Apparently, my last post alarmed some of you. Specifically the part about cracking open the garage door a few inches while running my car when it’s cold out.
Rightfully so, it turns out.
I’d been under the false notion that this was enough to disperse any dangerous buildup of carbon monoxide. Even Tara, who used to do home inspections that involved testing for CO, didn’t think it was that big a deal. But a quick internet search dispelled that notion. Within a matter of minutes, carbon monoxide levels can build up so high, you are liable to collapse to the floor, immobile and/or unconscious, before you even know what’s happening. Yikes. How ironic would it have been if my very last blog post had talked about how death by CO poisoning wouldn’t be so bad.
I retract that. It would be terrible. BECAUSE YOU’D BE DEAD. The coroner would label it death by misadventure, I believe. Which is really just a politer way of saying death by stupidity.
Lesson learned. I’ll drive a cold car from now on.
Speaking of, I recently watched a fascinating Netflix documentary series called Surviving Death. Each episode focused on a different phenomenon: near-death experiences; mediums; signs from the dead; ghosts; and reincarnation.
Now, for a lot of people, the whole idea of an afterlife is hogwash, and many critics have been unkind in their reviews. I get it. Some of the topics, like mediumship, were borderline ridiculous. Others I found fascinating. Particularly the final one, on reincarnation. Because I’ve always had a weird feeling that I lived a past life. Specifically, as a soldier who was killed in the Vietnam War. And when I blogged about this seven years ago, I got some very interesting comments from others who shared my belief. No fewer than four people came forward with similar stories. I’m kind of in awe about that.
Here’s an excerpt from the post.
About ten years ago, the Vietnam Traveling Memorial Wall came to my hometown. On a dark and dreary autumn evening plagued by a persistent light rain and bitter chill, I made a pilgrimage to the wall. I just felt drawn to it. My then-wife was not interested in going, but in truth, I did not want her there anyway. When I got there, I ran my fingers over many of the names chiseled in stone. It felt like I was searching for something, though I had no idea what. My sense of deja vu was very powerful that night.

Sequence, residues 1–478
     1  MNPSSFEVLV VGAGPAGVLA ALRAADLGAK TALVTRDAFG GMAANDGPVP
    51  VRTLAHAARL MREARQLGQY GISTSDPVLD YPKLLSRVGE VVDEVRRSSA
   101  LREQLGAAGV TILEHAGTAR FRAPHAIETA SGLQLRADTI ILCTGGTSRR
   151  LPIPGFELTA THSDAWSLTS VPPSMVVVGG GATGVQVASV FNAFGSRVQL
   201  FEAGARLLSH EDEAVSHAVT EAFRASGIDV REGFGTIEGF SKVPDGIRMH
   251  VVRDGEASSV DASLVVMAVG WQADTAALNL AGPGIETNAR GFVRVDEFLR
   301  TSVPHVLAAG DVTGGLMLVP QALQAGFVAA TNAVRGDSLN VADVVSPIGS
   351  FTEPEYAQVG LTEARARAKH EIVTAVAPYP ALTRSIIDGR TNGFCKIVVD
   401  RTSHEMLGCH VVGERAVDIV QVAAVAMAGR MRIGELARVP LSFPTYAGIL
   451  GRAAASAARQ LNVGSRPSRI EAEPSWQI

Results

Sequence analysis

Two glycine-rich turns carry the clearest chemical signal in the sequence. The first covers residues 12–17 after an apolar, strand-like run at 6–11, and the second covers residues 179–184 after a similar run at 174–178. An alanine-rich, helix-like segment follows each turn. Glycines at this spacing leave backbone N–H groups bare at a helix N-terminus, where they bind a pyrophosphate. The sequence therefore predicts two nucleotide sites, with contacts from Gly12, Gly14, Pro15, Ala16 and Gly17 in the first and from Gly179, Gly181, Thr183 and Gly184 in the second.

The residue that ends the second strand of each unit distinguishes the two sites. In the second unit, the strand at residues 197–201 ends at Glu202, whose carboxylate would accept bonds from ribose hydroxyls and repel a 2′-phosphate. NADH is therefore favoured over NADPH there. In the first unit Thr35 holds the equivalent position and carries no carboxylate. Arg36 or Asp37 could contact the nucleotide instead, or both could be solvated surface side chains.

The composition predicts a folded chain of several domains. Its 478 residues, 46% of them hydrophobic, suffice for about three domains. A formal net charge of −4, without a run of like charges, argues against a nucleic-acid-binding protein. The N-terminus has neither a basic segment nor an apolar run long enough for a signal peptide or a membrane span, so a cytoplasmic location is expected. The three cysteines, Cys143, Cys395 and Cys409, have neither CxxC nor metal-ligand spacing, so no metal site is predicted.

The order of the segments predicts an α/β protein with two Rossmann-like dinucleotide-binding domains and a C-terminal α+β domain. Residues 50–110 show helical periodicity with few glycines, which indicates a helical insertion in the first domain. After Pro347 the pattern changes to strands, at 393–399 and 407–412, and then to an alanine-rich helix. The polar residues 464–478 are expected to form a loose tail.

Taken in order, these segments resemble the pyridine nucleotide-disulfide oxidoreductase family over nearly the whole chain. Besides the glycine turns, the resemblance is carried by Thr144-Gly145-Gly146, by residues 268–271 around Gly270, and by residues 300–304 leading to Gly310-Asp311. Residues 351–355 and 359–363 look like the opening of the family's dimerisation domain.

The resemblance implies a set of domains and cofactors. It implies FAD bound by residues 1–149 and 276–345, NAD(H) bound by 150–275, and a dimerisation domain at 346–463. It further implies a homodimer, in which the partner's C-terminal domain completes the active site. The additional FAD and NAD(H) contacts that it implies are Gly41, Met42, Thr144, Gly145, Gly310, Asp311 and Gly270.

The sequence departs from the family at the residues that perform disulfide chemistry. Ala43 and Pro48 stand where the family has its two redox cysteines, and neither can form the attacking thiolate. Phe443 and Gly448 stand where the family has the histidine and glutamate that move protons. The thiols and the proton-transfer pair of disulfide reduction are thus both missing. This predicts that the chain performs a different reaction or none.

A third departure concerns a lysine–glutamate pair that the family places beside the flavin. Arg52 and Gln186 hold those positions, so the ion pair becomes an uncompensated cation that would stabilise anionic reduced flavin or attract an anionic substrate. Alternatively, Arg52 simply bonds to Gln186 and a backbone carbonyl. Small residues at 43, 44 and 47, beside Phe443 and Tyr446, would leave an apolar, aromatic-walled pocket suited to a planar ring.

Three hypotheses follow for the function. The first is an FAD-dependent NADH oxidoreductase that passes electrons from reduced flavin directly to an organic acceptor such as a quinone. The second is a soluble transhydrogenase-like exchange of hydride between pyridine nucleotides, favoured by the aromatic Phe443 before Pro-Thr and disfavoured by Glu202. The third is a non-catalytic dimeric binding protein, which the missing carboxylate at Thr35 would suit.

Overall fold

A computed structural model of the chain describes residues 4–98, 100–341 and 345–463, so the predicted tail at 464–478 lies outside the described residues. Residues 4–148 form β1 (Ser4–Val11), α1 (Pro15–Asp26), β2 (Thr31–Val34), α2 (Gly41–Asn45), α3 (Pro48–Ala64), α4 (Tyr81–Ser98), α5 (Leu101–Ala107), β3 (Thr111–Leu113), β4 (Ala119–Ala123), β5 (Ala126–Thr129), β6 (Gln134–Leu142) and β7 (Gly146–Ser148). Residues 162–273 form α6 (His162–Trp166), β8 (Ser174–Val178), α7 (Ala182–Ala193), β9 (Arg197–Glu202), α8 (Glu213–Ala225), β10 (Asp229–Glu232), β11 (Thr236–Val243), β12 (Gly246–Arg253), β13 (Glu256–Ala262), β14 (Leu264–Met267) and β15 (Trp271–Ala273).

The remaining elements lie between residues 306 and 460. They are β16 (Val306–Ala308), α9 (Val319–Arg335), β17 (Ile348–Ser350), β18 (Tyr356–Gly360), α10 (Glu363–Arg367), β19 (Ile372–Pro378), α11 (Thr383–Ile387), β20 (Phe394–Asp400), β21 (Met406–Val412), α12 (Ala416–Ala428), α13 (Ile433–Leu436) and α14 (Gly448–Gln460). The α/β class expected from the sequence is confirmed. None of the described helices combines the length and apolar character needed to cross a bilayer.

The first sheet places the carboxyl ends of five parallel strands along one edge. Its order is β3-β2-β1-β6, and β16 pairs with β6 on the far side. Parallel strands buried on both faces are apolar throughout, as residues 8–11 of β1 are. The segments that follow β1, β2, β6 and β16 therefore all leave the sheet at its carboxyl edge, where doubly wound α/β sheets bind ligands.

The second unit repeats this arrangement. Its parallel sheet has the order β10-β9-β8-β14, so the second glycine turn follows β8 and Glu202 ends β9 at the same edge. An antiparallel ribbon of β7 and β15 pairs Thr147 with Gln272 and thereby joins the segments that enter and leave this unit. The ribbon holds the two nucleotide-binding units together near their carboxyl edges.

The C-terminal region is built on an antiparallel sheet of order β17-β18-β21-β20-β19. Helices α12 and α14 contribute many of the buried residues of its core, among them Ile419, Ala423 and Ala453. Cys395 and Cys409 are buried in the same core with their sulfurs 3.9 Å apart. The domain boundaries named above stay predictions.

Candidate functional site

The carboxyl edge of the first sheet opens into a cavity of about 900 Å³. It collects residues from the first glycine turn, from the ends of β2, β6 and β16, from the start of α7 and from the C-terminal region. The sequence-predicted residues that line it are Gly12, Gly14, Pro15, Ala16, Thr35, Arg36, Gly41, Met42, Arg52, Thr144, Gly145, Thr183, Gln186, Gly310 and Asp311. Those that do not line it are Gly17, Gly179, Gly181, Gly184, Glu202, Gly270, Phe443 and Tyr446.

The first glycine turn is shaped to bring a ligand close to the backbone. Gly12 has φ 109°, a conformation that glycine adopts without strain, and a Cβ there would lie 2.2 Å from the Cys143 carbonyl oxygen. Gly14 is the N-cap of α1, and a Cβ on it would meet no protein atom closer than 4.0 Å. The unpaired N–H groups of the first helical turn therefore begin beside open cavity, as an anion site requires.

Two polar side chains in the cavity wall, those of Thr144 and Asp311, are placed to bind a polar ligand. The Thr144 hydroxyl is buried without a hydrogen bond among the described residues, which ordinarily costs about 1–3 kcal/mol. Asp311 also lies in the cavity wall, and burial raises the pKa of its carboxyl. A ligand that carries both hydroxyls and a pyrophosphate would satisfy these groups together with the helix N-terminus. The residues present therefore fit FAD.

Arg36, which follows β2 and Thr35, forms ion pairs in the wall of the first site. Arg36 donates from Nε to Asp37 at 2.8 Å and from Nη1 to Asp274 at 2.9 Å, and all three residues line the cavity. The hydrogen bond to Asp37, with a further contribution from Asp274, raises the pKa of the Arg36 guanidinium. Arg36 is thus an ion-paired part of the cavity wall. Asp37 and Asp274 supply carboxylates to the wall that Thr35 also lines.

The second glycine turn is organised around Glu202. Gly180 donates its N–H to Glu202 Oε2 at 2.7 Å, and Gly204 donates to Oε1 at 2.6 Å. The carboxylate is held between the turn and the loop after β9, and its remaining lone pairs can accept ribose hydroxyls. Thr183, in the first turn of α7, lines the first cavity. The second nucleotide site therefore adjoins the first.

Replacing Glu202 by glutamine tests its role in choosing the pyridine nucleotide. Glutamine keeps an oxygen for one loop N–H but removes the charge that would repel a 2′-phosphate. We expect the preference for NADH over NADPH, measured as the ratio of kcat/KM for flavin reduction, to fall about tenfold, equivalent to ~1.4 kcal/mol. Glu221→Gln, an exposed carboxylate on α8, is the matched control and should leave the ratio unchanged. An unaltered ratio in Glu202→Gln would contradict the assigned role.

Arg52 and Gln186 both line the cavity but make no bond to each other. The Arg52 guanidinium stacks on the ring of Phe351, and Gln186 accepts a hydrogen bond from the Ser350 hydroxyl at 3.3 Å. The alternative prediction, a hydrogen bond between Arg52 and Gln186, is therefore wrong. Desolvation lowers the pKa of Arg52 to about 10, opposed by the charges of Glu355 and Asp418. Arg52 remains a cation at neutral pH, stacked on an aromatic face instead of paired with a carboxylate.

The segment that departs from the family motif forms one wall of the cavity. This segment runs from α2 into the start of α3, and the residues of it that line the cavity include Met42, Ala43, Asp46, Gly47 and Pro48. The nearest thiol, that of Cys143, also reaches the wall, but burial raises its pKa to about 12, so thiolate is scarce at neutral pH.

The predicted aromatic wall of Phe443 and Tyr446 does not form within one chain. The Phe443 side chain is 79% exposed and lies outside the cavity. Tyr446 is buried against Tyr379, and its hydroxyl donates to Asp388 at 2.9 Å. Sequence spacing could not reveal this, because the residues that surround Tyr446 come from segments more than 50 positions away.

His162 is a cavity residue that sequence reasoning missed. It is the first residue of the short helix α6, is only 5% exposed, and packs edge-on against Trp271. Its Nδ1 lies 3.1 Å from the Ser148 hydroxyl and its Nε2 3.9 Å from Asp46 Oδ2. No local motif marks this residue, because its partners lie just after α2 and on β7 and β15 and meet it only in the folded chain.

It’s not something I can ever “prove,” nor do I feel the need to try. It’s just an inkling, an underlying suspicion, and to me, intensely personal. I don’t care if anybody else believes me or thinks I’m nuts. I don’t necessarily even believe myself. Maybe my obsession with war, particularly Vietnam, is simply a fascination, the same way somebody might be interested in unicorns or classic cars or ABBA. The familiarity I feel could be attributed to all the history books and combat autobiographies I have read. The deep sense of dread I feel when watching movies like Full Metal Jacket probably just means the director has done a great job at ratcheting up the dramatic tension. Sometimes a peace symbol is merely a fashion statement.
Or maybe there’s something more to this and my intuition is dead-on (ha). I don’t know. I’m open to the idea and have had far too many so-called paranormal experiences in my life to discount anything. I’m not about to ditch all my earthly possessions and join a Buddhist monastery or anything else so drastic. I’ll just ponder the unknowable, figuring that all will be revealed someday. Maybe in a few hundred years I’ll be writing a similar blog post and thinking, I swear I’ve done this before.
In any case, I felt that Surviving Death took a skeptical, balanced approach to the subject matter. There’s no hard science — just anecdotes from various people, some more believable than others. Those bashing the series have already made up their minds and will never be convinced without irrefutable evidence, but that’s impossible to obtain without dying.
I’m okay with keeping it a mystery awhile longer!